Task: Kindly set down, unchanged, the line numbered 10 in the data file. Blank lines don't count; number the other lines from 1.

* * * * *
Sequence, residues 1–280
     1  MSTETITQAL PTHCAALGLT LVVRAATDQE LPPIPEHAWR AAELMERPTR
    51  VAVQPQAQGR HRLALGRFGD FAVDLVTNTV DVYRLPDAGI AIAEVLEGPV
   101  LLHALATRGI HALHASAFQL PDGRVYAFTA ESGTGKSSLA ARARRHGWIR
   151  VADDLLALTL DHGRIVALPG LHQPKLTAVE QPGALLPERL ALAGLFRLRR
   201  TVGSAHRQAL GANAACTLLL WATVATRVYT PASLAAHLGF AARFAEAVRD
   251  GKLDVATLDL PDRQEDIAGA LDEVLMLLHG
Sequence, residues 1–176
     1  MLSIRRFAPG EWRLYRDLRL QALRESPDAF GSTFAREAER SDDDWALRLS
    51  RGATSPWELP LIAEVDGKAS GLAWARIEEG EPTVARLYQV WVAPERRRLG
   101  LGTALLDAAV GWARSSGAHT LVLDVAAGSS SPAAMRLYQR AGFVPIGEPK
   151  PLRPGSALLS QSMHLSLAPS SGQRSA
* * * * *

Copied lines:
    51  RGATSPWELP LIAEVDGKAS GLAWARIEEG EPTVARLYQV WVAPERRRLG